The Displaced Nation

A home for international creatives

Marriage, cross-cultural style: Two veterans tell all (Part 1)

In the life of the global traveler, one of the most thrilling escapades you can have is a romantic encounter with someone you meet in a far-flung land.

But should your story involve going the further step and hitching your wagon to a person from a completely different culture — well, that’s another level of adventure altogether.

For marriage, you will need the ability to stand by the courage of your convictions.

Or, as one of our Random Nomads, Helena Halme put it in her comment on last week’s post covering this topic, cross-cultural marriage tends to be “for the mad bad and young — or foolish.”

Today and next Monday, one half of each of two cross-cultural couples have agreed to take the floor and answer my questions about what made them take the plunge:

GABRIELA SMITH has been married to Daniel for eight years. She was born in Venezuela to Spanish parents, but ended up in the UK, where she met Daniel and they currently live.

JEFFREY HUFFMAN has been married to Naoko for 19 years. They met in Nagoya, Japan, where Jeffrey, an American, had journeyed for his work. They now live in Seattle.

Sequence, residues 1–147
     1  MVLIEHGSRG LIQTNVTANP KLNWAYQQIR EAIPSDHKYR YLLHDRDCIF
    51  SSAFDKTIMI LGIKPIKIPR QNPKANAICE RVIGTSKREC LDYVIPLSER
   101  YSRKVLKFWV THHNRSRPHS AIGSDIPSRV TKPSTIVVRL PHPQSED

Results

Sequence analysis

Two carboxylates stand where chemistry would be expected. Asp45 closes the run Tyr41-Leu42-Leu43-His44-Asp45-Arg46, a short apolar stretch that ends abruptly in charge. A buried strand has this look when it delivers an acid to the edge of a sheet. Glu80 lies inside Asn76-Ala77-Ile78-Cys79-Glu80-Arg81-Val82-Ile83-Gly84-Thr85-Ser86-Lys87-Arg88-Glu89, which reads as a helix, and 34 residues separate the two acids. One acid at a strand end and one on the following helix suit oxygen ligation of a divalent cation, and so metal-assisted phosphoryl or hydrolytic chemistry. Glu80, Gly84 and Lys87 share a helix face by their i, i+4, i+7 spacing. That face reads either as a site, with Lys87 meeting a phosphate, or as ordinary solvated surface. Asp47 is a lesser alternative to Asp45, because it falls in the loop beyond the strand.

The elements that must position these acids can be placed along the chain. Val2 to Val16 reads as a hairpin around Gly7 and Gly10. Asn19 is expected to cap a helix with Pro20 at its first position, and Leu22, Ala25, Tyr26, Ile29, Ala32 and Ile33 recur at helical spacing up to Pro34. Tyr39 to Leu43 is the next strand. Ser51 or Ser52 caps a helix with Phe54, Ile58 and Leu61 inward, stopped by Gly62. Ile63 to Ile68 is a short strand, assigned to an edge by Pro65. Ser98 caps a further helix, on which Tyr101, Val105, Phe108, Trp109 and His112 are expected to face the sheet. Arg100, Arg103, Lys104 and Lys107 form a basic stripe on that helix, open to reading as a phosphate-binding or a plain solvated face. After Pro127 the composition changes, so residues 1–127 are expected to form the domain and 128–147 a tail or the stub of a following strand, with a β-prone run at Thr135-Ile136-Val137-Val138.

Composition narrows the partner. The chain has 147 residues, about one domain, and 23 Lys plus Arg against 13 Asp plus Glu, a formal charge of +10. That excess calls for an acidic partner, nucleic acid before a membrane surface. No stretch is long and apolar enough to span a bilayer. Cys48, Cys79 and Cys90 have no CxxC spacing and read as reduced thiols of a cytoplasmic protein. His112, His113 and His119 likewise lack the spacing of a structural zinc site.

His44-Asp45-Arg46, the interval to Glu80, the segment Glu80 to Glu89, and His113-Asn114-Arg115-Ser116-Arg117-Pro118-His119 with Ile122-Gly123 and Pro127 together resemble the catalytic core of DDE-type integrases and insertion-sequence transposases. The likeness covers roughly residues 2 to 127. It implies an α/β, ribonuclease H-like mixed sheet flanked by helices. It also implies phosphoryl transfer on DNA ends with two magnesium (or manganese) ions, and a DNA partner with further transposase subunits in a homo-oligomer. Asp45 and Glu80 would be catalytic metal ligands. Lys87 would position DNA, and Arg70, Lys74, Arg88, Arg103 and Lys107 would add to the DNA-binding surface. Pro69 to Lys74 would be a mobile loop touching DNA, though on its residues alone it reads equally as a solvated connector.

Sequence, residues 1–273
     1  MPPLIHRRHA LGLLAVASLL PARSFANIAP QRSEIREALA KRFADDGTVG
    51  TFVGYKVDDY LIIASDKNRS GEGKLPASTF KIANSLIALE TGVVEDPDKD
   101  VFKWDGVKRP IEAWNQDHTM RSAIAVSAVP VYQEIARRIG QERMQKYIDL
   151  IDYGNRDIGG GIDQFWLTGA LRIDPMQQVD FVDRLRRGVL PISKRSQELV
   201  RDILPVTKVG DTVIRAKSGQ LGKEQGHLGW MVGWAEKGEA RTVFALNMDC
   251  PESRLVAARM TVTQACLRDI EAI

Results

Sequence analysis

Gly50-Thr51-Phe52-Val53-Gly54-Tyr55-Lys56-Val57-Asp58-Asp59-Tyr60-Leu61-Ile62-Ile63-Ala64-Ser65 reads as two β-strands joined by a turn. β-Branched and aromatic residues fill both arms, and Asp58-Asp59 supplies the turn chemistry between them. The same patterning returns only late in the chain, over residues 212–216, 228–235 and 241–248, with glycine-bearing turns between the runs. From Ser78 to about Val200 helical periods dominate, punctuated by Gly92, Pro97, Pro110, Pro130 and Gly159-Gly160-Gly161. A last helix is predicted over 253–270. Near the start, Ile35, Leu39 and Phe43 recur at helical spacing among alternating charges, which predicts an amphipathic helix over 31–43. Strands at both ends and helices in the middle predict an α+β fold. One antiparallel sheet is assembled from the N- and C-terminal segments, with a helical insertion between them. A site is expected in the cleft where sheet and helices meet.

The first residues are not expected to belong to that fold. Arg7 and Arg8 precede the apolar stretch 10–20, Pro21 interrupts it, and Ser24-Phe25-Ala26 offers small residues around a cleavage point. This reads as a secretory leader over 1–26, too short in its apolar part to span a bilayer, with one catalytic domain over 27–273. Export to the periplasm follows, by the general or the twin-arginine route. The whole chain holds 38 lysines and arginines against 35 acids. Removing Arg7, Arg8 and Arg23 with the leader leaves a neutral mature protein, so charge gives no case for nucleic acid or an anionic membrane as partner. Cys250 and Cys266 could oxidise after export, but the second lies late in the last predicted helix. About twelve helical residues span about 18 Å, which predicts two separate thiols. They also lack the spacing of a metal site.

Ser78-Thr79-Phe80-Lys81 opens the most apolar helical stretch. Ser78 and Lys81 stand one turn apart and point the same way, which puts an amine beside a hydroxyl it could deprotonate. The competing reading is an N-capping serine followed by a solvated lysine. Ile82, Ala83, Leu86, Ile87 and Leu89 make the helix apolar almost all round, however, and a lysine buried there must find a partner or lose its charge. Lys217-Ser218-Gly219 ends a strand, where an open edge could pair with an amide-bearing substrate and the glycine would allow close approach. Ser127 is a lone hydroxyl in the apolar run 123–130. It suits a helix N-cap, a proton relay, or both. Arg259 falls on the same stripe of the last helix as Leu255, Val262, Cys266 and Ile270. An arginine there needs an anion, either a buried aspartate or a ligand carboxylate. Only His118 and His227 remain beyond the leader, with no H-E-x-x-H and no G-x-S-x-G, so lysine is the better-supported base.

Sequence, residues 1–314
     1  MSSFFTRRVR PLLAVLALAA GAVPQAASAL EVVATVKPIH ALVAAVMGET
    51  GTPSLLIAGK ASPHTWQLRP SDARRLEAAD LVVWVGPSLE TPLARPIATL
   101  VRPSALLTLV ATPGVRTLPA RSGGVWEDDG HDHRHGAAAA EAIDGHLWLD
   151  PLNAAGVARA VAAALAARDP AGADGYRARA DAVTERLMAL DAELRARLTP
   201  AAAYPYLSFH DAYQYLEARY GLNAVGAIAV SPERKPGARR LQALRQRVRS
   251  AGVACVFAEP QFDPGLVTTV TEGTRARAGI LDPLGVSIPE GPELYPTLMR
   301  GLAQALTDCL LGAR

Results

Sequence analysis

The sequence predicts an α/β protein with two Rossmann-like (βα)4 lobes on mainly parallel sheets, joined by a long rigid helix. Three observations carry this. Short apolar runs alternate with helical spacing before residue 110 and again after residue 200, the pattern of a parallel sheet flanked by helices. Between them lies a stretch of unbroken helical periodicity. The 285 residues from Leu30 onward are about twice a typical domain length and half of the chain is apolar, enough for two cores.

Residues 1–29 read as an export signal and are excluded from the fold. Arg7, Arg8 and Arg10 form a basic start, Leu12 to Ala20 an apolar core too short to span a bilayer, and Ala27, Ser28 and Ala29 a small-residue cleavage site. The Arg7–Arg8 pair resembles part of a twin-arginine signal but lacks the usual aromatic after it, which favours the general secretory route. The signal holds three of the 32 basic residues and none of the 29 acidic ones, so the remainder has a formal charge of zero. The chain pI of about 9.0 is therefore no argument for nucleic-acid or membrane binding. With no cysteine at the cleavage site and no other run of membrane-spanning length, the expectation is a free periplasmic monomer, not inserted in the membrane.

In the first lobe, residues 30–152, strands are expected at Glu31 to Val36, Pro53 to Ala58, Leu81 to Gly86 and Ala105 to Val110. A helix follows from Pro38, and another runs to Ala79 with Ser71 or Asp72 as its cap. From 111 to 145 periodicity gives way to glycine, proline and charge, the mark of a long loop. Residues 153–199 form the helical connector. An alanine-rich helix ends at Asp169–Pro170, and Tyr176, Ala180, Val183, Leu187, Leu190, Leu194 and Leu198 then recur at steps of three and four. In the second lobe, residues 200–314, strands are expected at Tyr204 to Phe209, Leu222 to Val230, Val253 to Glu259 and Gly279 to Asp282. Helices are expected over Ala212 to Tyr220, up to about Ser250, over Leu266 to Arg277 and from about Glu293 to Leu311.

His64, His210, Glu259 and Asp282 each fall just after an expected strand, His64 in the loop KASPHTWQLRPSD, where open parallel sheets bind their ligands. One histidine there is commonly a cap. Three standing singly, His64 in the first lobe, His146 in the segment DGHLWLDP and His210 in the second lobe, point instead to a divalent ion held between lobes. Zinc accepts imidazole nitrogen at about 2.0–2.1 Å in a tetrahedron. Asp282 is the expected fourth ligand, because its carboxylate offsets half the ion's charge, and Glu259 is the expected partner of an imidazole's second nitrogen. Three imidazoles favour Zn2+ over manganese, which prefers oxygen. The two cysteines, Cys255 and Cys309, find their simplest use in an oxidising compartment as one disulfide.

How did you meet your spouse-to-be?

GABRIELA: We were working for the same company in the UK; we met on my first day at work.

JEFFREY: We’re something of a cliché couple. She was a student in the summer Teaching English as a Foreign Language (TOEFL) prep course I was teaching in Nagoya. She had just graduated from college and wanted to pursue a second degree at a university in the U.S. and needed to pass the TOEFL to do so.

What made you think that this is the person for me? Did culture have anything to do with it?

JEFFREY: Definitely, Naoko represented a tie to the Japanese culture that I wanted to have. Seattle has a pretty large Asian community, I had taken Japanese at university with dozens of nikkei-jin, and I had been to Japan on visits twice before. But it wasn’t until I went to live there that it all fell in place.